No Need

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Sire, I had no need of that hypothesis.
Pierre-Simon Laplace, a french scientist, replying to Napoleon on being asked why there was no mention of God in his work on the movement of the planets. What use is that hypothesis to you? Let me know.

A Miraculous Thing

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Yesterday, I was pulling out of a parking lot in my 2000 Honda Accord. In front of me was a Honda Civic that looked to be from the late 80's to early 90's. And then, something amazing happened. Our blinkers synchronized! For the half a minute or so we were both waiting for a right turn, our blinkers blinked in unison. Never deviating from the pattern, or moving apart as per usual. I always look at the blinkers at the vain hope that one day, just this will occur. I was so gobsmacked I forgot to memorize the car's plate numbers! It was going the same way as I for a bit, so I followed just behind, and contemplated following the car to its destination but decided against it. After all, what the hell am I going to do? Go up to the driver and introduce myself? Instead, I will just be content in the knowledge that for me, there is a car out there that blinks just like mine.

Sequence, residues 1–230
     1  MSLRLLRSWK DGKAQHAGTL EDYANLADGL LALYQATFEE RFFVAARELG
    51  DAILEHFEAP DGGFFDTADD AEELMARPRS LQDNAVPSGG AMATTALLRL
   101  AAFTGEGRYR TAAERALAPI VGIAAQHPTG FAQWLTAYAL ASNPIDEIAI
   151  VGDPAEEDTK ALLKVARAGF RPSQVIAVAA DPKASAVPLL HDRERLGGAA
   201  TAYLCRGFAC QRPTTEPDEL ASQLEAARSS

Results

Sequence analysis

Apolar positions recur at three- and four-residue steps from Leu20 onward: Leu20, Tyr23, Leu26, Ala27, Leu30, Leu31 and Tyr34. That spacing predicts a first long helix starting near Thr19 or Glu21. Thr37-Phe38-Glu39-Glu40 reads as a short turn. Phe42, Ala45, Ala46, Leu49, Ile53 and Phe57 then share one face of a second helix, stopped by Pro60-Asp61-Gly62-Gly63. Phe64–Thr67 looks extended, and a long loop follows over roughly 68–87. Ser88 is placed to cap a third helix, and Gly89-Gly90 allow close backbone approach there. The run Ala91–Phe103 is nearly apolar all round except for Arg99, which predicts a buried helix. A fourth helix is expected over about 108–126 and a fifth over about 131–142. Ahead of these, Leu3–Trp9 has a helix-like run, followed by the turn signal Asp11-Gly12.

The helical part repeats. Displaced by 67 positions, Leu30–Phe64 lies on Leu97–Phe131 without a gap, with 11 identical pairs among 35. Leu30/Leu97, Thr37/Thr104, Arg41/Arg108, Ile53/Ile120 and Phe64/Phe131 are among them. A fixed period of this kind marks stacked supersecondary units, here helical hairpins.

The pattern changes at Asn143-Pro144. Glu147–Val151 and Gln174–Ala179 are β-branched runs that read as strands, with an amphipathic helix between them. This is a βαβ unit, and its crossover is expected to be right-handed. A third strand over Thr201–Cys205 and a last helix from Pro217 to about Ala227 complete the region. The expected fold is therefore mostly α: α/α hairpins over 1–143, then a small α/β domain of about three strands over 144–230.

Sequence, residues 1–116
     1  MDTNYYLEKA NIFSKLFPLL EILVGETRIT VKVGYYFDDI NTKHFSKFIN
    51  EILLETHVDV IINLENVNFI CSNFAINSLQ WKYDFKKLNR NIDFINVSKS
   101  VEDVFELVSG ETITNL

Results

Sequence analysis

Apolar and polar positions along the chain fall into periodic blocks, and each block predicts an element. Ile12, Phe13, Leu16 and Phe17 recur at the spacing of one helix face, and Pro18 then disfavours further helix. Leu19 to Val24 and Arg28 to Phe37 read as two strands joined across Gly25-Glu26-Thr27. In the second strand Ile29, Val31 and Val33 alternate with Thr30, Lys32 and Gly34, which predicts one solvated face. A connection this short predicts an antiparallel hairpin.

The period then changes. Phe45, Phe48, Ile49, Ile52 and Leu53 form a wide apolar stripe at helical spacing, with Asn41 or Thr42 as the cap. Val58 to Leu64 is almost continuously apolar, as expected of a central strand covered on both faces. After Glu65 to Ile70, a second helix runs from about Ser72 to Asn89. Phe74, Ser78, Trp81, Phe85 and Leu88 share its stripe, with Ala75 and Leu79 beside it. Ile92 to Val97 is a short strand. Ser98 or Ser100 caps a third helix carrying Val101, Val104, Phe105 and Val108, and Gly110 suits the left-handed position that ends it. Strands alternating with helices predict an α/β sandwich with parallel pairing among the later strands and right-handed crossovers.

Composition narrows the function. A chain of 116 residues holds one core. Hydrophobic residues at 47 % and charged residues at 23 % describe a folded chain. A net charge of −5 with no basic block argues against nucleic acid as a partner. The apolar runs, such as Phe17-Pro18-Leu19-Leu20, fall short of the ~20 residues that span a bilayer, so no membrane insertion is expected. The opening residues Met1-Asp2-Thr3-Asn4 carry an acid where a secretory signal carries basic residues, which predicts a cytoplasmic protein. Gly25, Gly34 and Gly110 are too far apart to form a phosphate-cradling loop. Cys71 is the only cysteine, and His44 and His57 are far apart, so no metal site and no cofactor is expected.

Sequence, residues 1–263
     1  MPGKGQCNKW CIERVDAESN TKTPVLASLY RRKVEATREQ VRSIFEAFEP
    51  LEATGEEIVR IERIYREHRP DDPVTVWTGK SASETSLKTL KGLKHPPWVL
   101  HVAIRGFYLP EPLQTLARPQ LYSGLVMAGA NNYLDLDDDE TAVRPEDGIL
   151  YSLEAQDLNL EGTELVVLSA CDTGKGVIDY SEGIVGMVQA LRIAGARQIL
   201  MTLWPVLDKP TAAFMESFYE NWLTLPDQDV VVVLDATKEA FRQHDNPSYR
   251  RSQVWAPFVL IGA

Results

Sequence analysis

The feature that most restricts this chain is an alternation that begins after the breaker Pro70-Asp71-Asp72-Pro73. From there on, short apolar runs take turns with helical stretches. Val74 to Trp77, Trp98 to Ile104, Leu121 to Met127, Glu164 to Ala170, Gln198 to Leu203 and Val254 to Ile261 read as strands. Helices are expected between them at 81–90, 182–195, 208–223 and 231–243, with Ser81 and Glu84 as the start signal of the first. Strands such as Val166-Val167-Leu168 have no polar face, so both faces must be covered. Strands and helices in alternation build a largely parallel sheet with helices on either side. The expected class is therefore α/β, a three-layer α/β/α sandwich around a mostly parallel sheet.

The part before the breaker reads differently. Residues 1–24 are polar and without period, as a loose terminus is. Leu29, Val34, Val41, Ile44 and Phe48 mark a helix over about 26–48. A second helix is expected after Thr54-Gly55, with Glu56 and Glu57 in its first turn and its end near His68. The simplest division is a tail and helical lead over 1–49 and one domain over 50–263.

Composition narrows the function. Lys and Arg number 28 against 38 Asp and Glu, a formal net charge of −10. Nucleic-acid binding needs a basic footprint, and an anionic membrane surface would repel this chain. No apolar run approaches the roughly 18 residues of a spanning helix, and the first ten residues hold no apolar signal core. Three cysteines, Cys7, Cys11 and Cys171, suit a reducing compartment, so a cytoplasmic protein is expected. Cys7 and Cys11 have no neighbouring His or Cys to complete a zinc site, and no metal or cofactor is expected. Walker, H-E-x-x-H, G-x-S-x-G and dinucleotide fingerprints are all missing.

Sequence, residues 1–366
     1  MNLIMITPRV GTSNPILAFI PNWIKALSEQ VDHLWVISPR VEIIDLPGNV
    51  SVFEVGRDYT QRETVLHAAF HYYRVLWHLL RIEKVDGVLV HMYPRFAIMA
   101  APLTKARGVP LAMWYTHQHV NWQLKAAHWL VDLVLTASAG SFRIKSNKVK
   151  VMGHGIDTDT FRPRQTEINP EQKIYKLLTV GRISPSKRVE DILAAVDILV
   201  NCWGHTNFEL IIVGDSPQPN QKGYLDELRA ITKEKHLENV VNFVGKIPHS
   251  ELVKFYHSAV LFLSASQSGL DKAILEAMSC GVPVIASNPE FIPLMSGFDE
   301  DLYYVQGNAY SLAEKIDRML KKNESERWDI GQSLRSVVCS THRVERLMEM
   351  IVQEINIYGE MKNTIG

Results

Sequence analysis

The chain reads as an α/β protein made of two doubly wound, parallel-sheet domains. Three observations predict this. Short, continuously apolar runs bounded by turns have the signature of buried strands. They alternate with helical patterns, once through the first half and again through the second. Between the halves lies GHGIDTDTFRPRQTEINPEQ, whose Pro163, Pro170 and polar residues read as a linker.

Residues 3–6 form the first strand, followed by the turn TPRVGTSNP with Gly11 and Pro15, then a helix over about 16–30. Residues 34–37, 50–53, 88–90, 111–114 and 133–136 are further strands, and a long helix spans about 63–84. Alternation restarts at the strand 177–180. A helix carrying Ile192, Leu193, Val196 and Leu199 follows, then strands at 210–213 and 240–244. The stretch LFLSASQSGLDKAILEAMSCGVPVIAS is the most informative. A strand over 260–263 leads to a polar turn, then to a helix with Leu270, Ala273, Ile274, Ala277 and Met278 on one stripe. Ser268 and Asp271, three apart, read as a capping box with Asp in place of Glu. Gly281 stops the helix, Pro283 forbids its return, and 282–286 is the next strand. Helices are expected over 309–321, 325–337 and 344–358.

Merging Dictionaries and Lists in Python

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Apparently this got posted to reddit a while ago, and several better versions were provided, here's what I would use now:

[code] def merge_lists(*ls): return sum(ls, []) def merge_dicts(*dicts): dict(merge_lists(*map(dict.items, dicts))) [/code]

I came up with what I think is a rather pretty and elegant way to merge dictionaries (and lists) in Python:

[code]def merge_lists(*lists): return reduce(lambda x, y: x+y,lists) def merge_dicts(*dictionaries): result = {} for key in set(merge_lists([d.keys() for d in dictionaries])): result[key] = merge_lists([d[key] for d in dictionaries if key in d]) return result [/code]

Some explanation for novices:

  • The *arg notation means that any unnamed arguments (that is, not like this: funct(foo="bar")) will be stores in a tuple named arg.
  • The reduce(funct,collection) will sequentially apply the function funct() to each member of collection. The classic example is that reduce(lambda x, y: x+y, [1, 2, 3, 4, 5]) calculates ((((1+2)+3)+4)+5).
  • List comperehensions are super fun and work like this: [something(value) for value in list] does something to each value in list, and returns the results in a list containing the results of something(value). There is a permutation that looks like this: [something(value) for value in list if value > 5] (any condition can be placed after the if), this only adds something(value) to the list if the condition is true.